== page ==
In a true Tomlin order, it may be appropriate to conclude the schedule with a term providing that on payment of the sums agreed and costs ordered to be paid, the parties' respective liabilities, each in respect of the other, shall be discharged. Such wording is wholly superfluous in an ordinary court order as the effect of compliance is to discharge it, and yet is commonly included in consent orders submitted for approval.
If it is accepted that the Tomlin form is the exception and not the rule, when may it properly be used? Obvious examples will include where terms are agreed without any admission of liability or where the terms agreed by the parties go beyond what the court has jurisdiction to order. Thus, if terms of settlement are to remain confidential as between the parties, such a condition may be scheduled, as may terms whereby a judgment creditor agrees to accept a lower sum in full and final settlement on conditions as to, for example, the regular payment of specified installments. In such cases, an order can be obtained to enforce those terms 'notwithstanding that they go beyond the ambit of the original dispute, could not have been obtained or enforced in the original action and that the obligation did not exist but arose for the first time under the compromise', said Mr Justice Goff in Phillips v Clarke  3 All ER 710 (distinguishing re Hearn  WN 103).
A Tomlin order is neither necessary nor appropriate where the settlement simply involves the payment of money, whether by one party to another, or out of court, or to the Compensation Recovery Unit. There is no reason why a court order should not record a payment as being in full and final settlement of any cause of action the parties or either of them may have against one another arising from the accident which is the subject of the claim.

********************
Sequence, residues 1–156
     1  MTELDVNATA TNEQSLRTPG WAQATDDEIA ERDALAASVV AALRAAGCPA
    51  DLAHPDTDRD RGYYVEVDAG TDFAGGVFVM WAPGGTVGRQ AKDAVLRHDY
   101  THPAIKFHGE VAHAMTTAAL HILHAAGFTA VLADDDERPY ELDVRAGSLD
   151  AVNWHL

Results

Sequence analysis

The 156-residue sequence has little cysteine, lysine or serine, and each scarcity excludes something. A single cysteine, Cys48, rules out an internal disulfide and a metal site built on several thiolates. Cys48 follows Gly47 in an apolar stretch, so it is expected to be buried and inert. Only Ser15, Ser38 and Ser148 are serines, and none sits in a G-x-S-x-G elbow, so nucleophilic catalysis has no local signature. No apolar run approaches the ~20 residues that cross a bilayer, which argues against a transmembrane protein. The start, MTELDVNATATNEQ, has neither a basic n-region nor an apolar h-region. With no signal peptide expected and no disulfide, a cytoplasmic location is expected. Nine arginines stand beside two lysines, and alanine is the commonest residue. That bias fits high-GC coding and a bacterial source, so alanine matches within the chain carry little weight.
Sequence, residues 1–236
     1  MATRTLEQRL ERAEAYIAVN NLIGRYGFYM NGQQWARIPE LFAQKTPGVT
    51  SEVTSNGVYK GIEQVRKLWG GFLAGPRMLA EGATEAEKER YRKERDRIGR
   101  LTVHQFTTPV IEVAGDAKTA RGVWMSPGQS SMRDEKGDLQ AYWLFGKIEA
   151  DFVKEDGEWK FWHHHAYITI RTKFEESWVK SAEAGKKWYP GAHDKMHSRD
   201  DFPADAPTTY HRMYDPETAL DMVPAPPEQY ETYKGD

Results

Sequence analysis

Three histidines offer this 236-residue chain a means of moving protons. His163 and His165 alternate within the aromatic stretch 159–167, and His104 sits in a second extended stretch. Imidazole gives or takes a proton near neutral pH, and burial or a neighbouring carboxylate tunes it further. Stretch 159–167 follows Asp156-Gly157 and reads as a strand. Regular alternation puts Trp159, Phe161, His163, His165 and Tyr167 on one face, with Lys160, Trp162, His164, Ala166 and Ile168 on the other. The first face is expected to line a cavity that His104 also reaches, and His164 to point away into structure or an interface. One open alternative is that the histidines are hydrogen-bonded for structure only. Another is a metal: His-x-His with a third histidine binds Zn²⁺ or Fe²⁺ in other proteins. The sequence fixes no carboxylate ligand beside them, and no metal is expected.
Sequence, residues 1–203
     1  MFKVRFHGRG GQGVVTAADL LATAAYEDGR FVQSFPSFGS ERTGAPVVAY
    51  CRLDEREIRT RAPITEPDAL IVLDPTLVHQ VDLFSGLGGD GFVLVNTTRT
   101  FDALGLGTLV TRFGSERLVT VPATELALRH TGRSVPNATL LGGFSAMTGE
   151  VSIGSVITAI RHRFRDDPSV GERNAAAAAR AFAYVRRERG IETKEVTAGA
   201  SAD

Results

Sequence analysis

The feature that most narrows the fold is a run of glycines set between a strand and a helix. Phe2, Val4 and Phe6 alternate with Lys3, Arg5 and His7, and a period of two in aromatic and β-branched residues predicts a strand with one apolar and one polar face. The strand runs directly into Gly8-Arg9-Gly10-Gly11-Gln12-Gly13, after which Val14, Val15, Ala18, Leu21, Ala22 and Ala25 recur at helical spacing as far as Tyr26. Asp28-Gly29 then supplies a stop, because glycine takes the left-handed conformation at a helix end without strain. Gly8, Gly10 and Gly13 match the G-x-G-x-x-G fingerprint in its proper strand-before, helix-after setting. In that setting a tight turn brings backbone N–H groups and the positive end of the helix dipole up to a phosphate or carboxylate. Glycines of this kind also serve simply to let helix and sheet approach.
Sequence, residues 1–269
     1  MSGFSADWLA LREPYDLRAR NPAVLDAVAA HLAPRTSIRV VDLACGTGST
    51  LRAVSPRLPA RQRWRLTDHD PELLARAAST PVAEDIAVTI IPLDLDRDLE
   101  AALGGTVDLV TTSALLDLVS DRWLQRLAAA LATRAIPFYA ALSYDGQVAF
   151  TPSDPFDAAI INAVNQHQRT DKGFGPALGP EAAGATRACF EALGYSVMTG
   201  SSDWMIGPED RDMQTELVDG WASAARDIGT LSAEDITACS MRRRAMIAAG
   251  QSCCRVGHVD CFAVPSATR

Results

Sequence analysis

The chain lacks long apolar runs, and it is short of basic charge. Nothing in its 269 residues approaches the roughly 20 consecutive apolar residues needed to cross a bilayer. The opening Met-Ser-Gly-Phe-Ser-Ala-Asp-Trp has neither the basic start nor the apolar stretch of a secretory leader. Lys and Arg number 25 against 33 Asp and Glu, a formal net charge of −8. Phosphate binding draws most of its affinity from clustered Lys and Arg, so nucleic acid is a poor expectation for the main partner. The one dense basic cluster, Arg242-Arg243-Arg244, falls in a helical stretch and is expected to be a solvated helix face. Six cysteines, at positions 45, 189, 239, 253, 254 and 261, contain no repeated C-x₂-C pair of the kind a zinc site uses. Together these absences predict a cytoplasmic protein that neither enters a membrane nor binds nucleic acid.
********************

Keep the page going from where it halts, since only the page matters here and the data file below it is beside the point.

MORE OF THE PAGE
Remember that the court cannot order a party to accept a sum of money in settlement, but it can record the terms on which he has agreed to do so in recitals to the order. A Tomlin order should not be used simply because a recital of the parties' understanding of the ambit of their settlement is considered necessary.
While it is not for the court to interfere with the terms on which claims are compromised - and indeed, it has no right to approve or disapprove them (see Noel v Becker  2 All ER 1186) - the form of order is a matter for the judge, and practitioners should not be surprised when incorrect or inappropriate Tomlin orders are rejected.
It may be no surprise that their misuse has increased with the emphasis on the speedy completion of work done in considerable bulk rather than attention to detail.
Training on technical aspects of the law may also, perhaps, not be given the priority it deserves. But practitioners should be on their guard against misuse of these valuable hybrids.
District Judge Peter Glover sits at Dartford County Court